The following represents a column I’ve written that will be published in the upcoming issue of our student newspaper. But before that, a word about the humility of which I write. It is no secret that I’ve been severely questioned in the past week for my support (here and here) for some kind of intervention in Syria. To both my political right and left there have been numerous concerns raised about the legitimacy, necessity, and morality of my position. I’m glad for those who’ve questioned me. I’ve tried to clarify what I mean, and I think it has been sufficiently nuanced. But at the end of the day, I’m still endorsing violence. I’m taking a moral position with regard to a situation I know comparatively little about. While I’m convinced that it is a necessary course of action, I don’t for a second want to say it is a good, simple, or uncomplicated one. It is a messy and dangerous one that involves real people, and where I’ve implied otherwise I repent. And I want to admit, in fear and trembling, that I might be wrong. Please know that I take a position here because I think it is needed, but at the same time I am basing my thoughts on a “map” of which I’ve seen comparatively little. I know enough to know that the world is complicated with few easy answers, but I’ve not experienced the fulness of that complication in my own life. I am, in some sense, naive. Even so, for the United States and the world there is a decision point here, and I have made my choice known even while I wish, hope, and pray there is another way. I do not retract my previous thoughts, but I do…hesitate. To do otherwise would be sheer hypocrisy. And now to the words upon which I ought to reflect a bit more:
This past summer I’ve indulged one of my hobbies: reading science fiction. For the haters out there, I won’t try to defend myself, except to say that I am quite really and honestly an irredeemable nerd. Yet know this: the best science fiction isn’t about explosions or alien wars or transporter beams. It is about ideas.
So it was that I’ve been reading the Ender’s Game series by Orson Scott Card. The first book, soon to be a major motion picture, deals with questions of war, peace, innocence, and betrayal by focusing on a young boy called upon to save the human race. I wholeheartedly endorse getting a copy and reading it today.
The sequels to that first volume are a bit more philosophical in orientation, and in one of them I read a statement that rather blew me away. In the middle of the book, an older and rather bitter character says the following to her younger conversation partner:
“Don’t ever try to teach me about good and evil. I’ve been there; you’ve seen nothing but the map.”
Good and evil. Powerful concepts. We Christians think about them a lot. As a former pastor and now ministry professor, it is my job to reflect on them, preach about them, and teach them with some regularity. In so doing, I run the risk of treating them like intellectual topics rather than the realities they are in the lives of so many. Perhaps that’s why this short statement struck home for me.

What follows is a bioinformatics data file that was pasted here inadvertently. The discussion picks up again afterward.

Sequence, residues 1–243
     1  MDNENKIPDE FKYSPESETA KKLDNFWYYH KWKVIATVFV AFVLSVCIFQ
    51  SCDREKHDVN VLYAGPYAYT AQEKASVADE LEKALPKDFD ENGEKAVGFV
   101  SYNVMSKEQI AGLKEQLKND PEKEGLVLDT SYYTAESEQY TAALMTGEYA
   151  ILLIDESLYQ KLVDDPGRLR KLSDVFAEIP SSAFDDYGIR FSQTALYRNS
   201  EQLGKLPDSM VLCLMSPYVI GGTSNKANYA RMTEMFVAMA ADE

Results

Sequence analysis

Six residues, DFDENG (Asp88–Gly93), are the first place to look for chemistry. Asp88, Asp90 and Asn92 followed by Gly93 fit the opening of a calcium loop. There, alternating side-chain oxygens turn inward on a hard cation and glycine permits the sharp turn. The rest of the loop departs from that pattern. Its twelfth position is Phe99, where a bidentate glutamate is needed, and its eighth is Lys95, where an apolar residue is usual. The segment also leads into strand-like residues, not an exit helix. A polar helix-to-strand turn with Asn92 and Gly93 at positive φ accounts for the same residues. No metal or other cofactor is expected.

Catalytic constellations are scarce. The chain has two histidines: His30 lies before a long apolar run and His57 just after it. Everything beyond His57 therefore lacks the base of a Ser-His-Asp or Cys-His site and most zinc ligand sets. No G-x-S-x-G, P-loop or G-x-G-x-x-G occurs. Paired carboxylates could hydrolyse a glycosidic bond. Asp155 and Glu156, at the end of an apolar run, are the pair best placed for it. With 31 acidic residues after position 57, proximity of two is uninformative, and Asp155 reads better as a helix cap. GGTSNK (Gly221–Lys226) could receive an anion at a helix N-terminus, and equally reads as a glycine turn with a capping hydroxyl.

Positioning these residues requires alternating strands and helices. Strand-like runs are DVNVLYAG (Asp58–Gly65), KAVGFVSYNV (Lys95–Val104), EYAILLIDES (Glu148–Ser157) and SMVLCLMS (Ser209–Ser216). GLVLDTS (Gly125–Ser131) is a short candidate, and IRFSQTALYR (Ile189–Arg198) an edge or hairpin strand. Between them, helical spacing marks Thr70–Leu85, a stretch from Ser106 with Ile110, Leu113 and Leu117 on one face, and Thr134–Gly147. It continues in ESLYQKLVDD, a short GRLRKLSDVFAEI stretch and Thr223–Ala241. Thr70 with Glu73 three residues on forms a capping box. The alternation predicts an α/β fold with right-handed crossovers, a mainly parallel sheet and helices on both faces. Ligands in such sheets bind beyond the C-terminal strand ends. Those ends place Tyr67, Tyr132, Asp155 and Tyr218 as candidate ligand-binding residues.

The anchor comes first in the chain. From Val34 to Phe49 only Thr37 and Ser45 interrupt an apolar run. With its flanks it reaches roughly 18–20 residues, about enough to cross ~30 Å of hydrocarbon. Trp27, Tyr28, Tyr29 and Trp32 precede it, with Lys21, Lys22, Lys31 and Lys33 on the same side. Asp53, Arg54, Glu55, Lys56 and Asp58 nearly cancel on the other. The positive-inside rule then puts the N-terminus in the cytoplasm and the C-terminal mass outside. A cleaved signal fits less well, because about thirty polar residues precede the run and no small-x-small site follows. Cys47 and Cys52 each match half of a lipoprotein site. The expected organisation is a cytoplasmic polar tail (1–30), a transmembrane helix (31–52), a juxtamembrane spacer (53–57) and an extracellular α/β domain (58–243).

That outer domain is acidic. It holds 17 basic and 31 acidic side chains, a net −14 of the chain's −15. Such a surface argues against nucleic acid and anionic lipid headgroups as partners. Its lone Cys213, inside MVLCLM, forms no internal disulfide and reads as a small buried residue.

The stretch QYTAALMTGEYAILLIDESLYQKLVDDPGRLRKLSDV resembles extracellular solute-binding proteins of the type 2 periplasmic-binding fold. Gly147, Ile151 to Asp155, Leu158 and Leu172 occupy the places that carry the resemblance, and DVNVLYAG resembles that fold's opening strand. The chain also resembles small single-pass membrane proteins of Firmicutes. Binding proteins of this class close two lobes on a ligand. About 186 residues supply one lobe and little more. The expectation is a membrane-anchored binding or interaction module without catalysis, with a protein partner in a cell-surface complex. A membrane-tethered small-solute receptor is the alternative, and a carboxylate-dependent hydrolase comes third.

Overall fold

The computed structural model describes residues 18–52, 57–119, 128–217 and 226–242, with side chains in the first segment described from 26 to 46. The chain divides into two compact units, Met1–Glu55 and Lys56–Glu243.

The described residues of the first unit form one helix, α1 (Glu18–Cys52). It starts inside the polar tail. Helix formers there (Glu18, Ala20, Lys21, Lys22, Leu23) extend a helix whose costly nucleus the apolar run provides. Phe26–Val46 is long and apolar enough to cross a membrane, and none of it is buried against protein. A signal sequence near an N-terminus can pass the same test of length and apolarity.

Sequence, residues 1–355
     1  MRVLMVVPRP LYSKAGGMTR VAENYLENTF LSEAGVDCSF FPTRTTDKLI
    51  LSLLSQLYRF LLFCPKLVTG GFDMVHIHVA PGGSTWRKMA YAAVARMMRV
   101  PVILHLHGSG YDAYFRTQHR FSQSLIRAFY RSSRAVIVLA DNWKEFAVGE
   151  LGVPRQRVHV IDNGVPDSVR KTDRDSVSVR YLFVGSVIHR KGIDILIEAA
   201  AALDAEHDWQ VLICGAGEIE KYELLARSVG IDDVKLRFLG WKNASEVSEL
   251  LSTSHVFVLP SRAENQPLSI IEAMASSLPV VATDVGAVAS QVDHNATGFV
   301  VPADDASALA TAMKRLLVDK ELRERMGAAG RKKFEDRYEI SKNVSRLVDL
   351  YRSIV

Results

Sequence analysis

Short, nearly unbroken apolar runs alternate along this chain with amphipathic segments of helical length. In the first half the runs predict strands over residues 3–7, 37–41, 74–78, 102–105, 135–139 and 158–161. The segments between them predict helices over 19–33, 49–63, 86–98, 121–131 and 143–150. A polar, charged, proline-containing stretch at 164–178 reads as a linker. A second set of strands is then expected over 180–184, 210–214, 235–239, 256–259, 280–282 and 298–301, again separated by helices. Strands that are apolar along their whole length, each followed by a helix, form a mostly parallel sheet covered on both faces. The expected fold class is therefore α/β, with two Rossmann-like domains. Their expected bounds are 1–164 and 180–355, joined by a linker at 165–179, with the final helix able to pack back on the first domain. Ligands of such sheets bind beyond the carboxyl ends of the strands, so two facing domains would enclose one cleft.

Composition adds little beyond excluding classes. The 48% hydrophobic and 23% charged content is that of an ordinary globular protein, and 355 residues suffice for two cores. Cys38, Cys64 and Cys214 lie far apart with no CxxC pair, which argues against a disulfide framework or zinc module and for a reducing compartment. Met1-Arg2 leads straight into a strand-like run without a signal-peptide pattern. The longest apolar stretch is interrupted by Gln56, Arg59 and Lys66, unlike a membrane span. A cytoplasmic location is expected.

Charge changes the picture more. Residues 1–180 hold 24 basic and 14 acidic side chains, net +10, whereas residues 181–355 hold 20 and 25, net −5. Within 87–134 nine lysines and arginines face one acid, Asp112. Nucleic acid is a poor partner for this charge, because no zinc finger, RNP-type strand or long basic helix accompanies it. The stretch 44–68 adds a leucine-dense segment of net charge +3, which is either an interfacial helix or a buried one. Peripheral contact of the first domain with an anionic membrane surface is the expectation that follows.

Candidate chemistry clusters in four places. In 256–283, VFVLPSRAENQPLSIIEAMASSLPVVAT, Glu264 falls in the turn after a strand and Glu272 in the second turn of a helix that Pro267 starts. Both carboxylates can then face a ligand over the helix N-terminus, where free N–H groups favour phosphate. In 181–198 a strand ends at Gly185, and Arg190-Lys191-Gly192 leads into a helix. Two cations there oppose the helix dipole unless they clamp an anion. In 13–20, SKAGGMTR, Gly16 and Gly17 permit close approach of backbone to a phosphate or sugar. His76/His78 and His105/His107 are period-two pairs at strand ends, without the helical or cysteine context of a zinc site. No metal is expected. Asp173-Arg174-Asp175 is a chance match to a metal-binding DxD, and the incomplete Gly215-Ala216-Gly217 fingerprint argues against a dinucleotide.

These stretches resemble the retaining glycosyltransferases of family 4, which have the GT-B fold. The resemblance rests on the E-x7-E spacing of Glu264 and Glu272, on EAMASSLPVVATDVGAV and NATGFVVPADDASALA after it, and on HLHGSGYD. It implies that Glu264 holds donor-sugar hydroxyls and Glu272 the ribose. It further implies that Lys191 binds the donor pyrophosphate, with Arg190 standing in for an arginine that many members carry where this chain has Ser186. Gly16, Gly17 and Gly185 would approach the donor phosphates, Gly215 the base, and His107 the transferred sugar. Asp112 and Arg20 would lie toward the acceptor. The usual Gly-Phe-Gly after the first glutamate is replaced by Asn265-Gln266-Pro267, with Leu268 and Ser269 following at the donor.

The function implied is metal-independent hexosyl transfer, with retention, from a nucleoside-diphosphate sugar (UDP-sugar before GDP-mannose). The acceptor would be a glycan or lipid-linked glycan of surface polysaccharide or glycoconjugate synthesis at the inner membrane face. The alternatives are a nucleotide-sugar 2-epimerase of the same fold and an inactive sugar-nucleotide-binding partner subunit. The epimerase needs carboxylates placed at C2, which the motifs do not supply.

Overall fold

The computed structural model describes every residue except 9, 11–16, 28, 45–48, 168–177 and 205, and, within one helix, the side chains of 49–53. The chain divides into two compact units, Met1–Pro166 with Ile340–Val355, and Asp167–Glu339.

As you might expect, I’ve done a lot a reading in my day. And, like many of you, I’ve sat in a lot of classes. So believe me when I tell you it would be easy for me to talk about the reality of evil in our world, the need to stand against it, and the way that Christ comes to redeem us. Tie things up in a nice little bow and leave them at that. Utterly pious yet overly simplistic statements that would satisfy the “Christian checklist” but do little more. It would be easy, in other words, for me to provide students with simple uncomplicated answers to questions about the hurt, pain, and suffering in our world.
But I can’t do that. I can’t do that because there is so much of that “map” that I haven’t journeyed through. That I haven’t lived. While I hope I never have to, I do know enough to realize that in any case there are some things that are too deep for me.
We make a mistake as Christians when we think we’ve got it all figured out. But if we think that we ourselves have all the answers to people’s questions just because Christ is the Answer, we run the risk of running roughshod over others when we have no idea what they’ve been though.
Being a Christian means many things, but one of them is being humble. Humbling ourselves before God first and foremost. Humbling ourselves before others and being servants. It also means humbling ourselves in our own eyes and realizing that despite our vaunted theories and ideas and “answers,” this fallen world is much more complicated than we comprehend.
So the next time a friend comes to you with hurts and honest questions, be careful not to answer them too quickly or tell them that you understand, when quite honestly you have no way to feel the pain they are going through. When classroom debate turns to issues of politics, suffering, or good and evil, make sure you understand that what you speak about is not just another topic to play around with, but involves real people. Remember, first and foremost, that all of our knowledge and ideas are but a drop in the ocean compared to the God who holds all things and has suffered all things for us. Because, at the end of the day, the only one that fully comprehends the entirety of human good and evil is Christ Himself.